There are two ways that a Prosecutor can secure a conviction against you for a crime you didn’t commit: Attempt and Conspiracy. Attempt is when you attempt to commit a crime on your own, whereas Conspiracy comes up when you plan with others to commit a crime. The Attempt and Conspiracy statutes can also be a powerful tool for a Defense Attorney if a conviction is imminent. There is a statute that allows a Prosecutor to change a conviction for a crime to a “Criminal Attempt” or a “Criminal Conspiracy” conviction, which could be more favorable result.
In Georgia, Criminal Attempt is defined under O.C.G.A. § 16-4-1: “…when, with intent to commit a specific crime, he performs any act which constitutes a substantial step toward the commission of that crime.”
Criminal Conspiracy is defined under O.C.G.A. § 16-4-8: “…when he together with one or more persons conspires to commit any crime and any one or more of such persons does any overt act to effect the object of the conspiracy.”
The key to these statutes is the concept of an “overt act” or “substantial step”, which Georgia courts use interchangeably. This means that after a Defendant decided they wanted to commit a crime, they took an action towards making the crime happen. Not all actions will constitute an overt act or substantial step, however. “Mere acts of preparation” are not enough to satisfy the overt act or substantial step requirements. Additionally, the action must be inexplicable as a lawful act. The court has even said that “procuring or loading a gun, or buying poison, or walking to a particular place, with intent to kill another, is not enough to make one guilty of an attempt to commit murder.” Another example (taken from the case discussed below) is that while making lists of intended victims and supplies might amount to mere acts of preparation, the act of bringing a gun to school would be a substantial step.
The critical difference between Criminal Attempt and Criminal Conspiracy is whether you acted alone or with others. It’s important to note that for a Criminal Conspiracy, you yourself don’t have to be the one to take a substantial step or overt act- if ANYBODY involved in the conspiracy or planning takes a substantial step, it’s enough to secure a conviction against you.
The punishment for Criminal Attempt or Criminal Conspiracy depends on whether the crime allegedly attempted or conspired to commit is a Misdemeanor, a Felony, or a Felony punishable by life imprisonment or a death sentence. For a Misdemeanor, the punishment is the same as for Misdemeanors generally, which is a fine not to exceed $1,000, incarceration for up to 12 months, or both. For Felonies, the punishment would be imprisonment for not less than one year and not more than one-half of the term for the underlying crime, by one-half of the maximum fine for the underlying crime, or both. For Felonies punishable by death or life imprisonment, the sentence will be 1-30 years of imprisonment for Attempt and 1-10 years for Conspiracy.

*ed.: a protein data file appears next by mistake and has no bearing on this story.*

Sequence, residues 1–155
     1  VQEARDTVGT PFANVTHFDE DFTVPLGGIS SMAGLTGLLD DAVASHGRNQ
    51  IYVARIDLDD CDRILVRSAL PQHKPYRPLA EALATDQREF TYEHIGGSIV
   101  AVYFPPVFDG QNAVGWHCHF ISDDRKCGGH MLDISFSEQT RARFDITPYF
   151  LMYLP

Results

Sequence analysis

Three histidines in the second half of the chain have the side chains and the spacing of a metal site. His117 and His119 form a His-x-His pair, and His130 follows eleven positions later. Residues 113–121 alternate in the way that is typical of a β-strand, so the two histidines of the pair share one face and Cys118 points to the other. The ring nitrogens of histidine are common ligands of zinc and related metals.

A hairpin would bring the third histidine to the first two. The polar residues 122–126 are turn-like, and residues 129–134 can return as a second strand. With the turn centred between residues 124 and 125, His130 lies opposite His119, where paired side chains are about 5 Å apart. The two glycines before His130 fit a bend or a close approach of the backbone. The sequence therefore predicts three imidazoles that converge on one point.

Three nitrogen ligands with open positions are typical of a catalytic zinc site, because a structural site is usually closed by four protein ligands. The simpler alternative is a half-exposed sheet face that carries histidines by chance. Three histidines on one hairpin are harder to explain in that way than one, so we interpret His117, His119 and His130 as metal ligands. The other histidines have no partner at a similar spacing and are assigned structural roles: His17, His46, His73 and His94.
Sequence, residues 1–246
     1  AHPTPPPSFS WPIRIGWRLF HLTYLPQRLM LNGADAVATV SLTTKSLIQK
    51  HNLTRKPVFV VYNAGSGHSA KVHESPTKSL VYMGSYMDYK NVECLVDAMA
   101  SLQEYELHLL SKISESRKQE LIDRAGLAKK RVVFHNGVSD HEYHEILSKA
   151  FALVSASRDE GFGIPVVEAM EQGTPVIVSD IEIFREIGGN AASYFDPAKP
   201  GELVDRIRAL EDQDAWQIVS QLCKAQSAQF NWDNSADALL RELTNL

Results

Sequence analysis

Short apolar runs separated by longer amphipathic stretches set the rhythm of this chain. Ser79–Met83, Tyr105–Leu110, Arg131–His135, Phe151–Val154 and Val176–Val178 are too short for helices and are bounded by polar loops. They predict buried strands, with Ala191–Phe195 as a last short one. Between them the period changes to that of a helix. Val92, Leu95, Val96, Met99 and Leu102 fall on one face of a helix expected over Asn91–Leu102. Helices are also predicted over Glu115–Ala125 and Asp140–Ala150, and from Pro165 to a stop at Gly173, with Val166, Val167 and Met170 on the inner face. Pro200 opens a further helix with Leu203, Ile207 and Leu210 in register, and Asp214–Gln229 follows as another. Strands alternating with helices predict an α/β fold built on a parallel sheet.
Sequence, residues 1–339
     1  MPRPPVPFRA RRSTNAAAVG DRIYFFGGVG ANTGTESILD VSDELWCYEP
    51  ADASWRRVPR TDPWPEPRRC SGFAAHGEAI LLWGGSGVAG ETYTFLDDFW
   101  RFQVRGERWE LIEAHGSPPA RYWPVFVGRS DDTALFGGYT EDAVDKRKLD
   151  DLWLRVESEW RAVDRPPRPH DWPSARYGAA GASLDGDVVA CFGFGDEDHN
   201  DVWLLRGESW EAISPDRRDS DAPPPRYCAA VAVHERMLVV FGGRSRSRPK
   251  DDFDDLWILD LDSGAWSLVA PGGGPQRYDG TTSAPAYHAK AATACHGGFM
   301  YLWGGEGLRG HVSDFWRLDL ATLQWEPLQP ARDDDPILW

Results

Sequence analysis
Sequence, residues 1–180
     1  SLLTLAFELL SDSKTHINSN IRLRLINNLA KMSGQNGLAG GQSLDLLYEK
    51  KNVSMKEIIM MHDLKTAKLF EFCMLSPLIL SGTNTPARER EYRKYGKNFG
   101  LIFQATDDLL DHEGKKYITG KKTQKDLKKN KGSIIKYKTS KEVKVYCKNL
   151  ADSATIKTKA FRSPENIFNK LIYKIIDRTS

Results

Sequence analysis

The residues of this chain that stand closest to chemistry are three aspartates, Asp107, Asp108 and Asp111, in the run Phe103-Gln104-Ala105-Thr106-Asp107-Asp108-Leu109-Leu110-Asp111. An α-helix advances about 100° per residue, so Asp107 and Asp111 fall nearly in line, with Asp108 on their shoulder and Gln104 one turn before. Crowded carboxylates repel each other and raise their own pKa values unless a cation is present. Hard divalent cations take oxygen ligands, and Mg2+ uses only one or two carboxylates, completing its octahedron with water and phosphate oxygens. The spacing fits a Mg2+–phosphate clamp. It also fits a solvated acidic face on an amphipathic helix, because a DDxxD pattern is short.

The full text of the statutes governing punishment for Criminal Attempt and Criminal Conspiracy are found under O.C.G.A. § 16-4-6 and O.C.G.A. § 16-4-8.
No Substantial Step Criminal Attempt and Criminal Conspiracy charges typically occur when a crime was planned but not committed and a substantial step was taken. If the Prosecutor cannot prove a substantial step, they cannot secure a conviction. Acts that are “mere preparation” are not enough to constitute a substantial step. There is grey area between “substantial steps” and “mere preparation”, and a skilled Defense Attorney can argue that whatever act the Prosecutor is relying on for a substantial step can only be viewed as mere preparation.
Lack of Knowledge For Criminal Conspiracy, you have to plan with others for actions to take place which satisfy all elements of a given crime. For example, to secure a conviction for Armed Robbery, the Prosecutor must prove that everybody conspired to steal items of value, and that they conspired to do so through use of force. This means that if you were charged as a co-conspirator and planned to supply the other Defendants with firearms but had no idea that items of value would be taken, you personally didn’t conspire to commit the crime of Armed Robbery and could not be convicted of Criminal Conspiracy, even if the other defendants did possess such knowledge.
Withdrawal A co-conspirator can be relieved of a Criminal Conspiracy charge if their Defense Attorney can show that before any substantial step or overt act occurred, they withdrew their agreement to commit a crime.
In Stapleton v. State, defendant Jackson Stapleton created a list of 52 individuals of persons to be targeted for murder and created a list of supplies to carry out the murders, and brought a firearm to Pataula Charter School, where presumably the murders were intended to occur. The court held that making a list of intended victims and supplies, procuring a gun, or walking to a particular place with intent to kill alone would be insufficient to cross from preparation to intent. The line was crossed when the Defendant brought the gun to the school, however, which was a “direct movement towards the commission after the preparations were made.”
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If you have been charged with Attempt or Conspiracy and need the best local criminal Defense Attorney, give Bixon Law a call today to speak to one of our experienced Georgia criminal defense lawyers. We will vigorously defend your criminal defense rights, and advocate on your behalf to have your criminal case dismissed or your charges reduced. As experienced trial attorneys, we are not afraid to take your case to trial if necessary. We represent clients in Atlanta and throughout the state of Georgia. We are lawyers who are committed to helping people in difficult situations, and we invite you to call us at 404-551-5684 for a free consultation on your case today.